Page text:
Accurate Medical Billing & Holding Providers Accountable: A Success Story 

Dr. Mark L. Friedman

A First Stop Health  client recently called us about a problem--an expensive problem. A hospital was dunning them for an emergency room bill of more than $100,000. They asked if we could help. 

The answer? Yes.

Over the years, I have learned that the more outrageous a medical billing situation sounds, the more likely it involves an error of some sort.

The confusion in this case revolved around Medicare's "short stay rules."? The hospital, fearing the wrath of Medicare's auditors, had billed this one-day case as "outpatient observation,"? which shifted the bill from Medicare Part A? (inpatient) to Medicare Part B (outpatient).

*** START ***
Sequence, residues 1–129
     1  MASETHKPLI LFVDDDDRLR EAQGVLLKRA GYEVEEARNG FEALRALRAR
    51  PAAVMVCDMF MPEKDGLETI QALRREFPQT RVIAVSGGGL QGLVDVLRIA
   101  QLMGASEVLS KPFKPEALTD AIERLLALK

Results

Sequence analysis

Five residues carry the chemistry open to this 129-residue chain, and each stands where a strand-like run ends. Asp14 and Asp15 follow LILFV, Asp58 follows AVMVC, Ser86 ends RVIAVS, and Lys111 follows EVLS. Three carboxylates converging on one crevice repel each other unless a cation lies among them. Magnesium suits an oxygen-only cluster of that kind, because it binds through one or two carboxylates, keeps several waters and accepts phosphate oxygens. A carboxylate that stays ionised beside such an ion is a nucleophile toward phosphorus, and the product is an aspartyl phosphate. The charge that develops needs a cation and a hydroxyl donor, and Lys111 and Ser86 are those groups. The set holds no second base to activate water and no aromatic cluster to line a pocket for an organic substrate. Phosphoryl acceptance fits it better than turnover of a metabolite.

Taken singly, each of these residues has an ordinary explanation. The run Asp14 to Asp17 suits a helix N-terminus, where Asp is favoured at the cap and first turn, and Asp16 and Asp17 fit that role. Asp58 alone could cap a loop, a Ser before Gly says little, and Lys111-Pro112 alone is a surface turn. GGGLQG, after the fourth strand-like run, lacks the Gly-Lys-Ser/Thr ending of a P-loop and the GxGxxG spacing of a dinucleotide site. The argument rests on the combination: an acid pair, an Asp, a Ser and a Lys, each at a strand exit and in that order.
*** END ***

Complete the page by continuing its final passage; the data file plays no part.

Due to a glitch in this person's insurance coverage, the patient was not covered under Part B? and the claim was therefore rejected by Medicare. Since Medicare rejected the claim, the commercial insurer, which was the secondary payer, also rejected the claim. The hospital then assumed that the patient should be personally responsible for this bill. 

Armed with copies of the bills, I picked up the phone. After explaining the hospital's error (they had misinterpreted Medicare rules regarding inpatient vs outpatient), to an individual in billing, then to the collection agency, and finally to the finance office at the hospital, the hospital rebilled the case properly to the insurers.

The confusion between inpatient and outpatient is only one of many situations that can saddle people with huge financial liabilities despite having insurance to protect them.

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